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Monday, May 21, 2012

Designing catheters for cardiac procedures

Cardiac catheterization lab


Catheters are used in a myriad of cardiac catheterization procedures. In these procedures, a catheter is inserted into the femoral vein or artery through an incision in the groin and then advanced into the heart. The catheter is then used to complete the necessary procedure, such as deploy a stent or a valve. The catheter is removed from the body after completing the procedure.

Catheterization procedures eliminate the need for open heart surgery and offer various advantages such as faster implant time, reduced hospitalization, and faster recovery.  Some human factors considerations when designing catheters for such procedures are summarized below.

  • During catheterization procedures, physicians are fixated on the X-ray or fluoroscopic imagery. Fluoroscopy is an imaging technique that allows physicians to obtain real-time images of the heart structures during a procedure.
  • Physicians manipulate the catheter (using their hands) and look for feedback on the X-ray image. Because virtually all the visual resources of the physicians are dedicated to the imagery, they rarely look down at the catheter during a procedure.  So if the catheter has multiple buttons or controls on it representing multiple functions, these must be easily distinguishable to physicians by touch (i.e., tactile differentiation).
  • Designers frequently think that being able to visually discriminate between controls (i.e., using color or labeling) would be sufficient. This is inadequate in catheter design and has the potential to create user errors and confusions, especially when there are multiple controls on the catheter each depicting a unique function.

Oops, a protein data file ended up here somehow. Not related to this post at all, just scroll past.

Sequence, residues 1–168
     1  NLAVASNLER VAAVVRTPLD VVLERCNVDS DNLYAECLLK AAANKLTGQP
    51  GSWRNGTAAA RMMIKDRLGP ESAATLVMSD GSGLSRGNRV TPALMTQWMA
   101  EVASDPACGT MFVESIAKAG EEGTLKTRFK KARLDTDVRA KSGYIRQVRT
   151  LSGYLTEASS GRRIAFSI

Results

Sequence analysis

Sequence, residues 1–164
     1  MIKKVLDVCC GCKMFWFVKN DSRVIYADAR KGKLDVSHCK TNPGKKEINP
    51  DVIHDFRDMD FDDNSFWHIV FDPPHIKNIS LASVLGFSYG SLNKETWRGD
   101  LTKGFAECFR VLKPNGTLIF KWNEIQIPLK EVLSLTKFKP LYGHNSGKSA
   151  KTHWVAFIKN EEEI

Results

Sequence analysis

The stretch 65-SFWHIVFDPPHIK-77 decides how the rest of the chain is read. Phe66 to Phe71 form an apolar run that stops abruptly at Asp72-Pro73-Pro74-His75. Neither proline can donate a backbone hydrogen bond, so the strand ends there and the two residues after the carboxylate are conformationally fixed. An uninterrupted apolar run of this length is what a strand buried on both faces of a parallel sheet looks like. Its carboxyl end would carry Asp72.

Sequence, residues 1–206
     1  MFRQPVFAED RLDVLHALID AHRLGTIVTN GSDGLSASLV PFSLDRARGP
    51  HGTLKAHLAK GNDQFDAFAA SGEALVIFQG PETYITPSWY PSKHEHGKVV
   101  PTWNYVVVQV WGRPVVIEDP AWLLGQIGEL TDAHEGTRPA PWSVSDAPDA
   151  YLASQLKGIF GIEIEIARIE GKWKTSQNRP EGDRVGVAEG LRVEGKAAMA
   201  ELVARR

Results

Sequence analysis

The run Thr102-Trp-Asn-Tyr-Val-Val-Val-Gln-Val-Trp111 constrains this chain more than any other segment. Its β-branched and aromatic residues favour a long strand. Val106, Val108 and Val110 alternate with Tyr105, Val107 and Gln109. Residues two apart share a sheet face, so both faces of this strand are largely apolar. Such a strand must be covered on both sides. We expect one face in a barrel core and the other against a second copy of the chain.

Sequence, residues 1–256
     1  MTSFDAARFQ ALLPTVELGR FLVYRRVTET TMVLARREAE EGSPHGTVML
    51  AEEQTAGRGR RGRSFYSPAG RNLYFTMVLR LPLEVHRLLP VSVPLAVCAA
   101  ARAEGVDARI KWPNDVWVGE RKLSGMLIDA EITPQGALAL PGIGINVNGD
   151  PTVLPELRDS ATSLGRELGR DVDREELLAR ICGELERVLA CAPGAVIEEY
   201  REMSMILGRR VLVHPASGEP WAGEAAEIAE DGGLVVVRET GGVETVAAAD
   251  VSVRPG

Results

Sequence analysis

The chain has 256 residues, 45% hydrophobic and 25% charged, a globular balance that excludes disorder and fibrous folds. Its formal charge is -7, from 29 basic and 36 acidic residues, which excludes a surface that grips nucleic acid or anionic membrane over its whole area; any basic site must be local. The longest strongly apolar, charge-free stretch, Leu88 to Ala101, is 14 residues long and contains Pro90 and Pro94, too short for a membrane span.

• It is advisable to use redundant coding mechanisms such as size, shape, texture, and location when designing catheter controls so that users are able to differentiate between the controls through touch.
  • Often during these procedures, one hand of the physician is at the access site (where the catheter is inserted) and the other hand is on the catheter handle – torquing the catheter, manipulating the controls on the catheter and so on. Moving the hand away from the access site is undesirable as this has the potential to compromise the stability of the catheter. Therefore, it is important that the controls in the catheter handle be designed so as to facilitate a one-handed operation.

Photo credit Vuk at the German language Wikipedia, via Wikimedia Commons. 

4 comments:

  1. This was a great read about designing catheters for cardiac procedures! I came across your blog while I was reading about Bard catheters online because my doctor told me they were the best. I'm definitely happy I did because this was a very insightful and intriguing read, thank you for sharing with us Arathi!

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  2. This was a very informative article. I have had multiple surgeries where I was hooked up to catheters and I just wanted to learn a little bit more about them. This site was very helpful!

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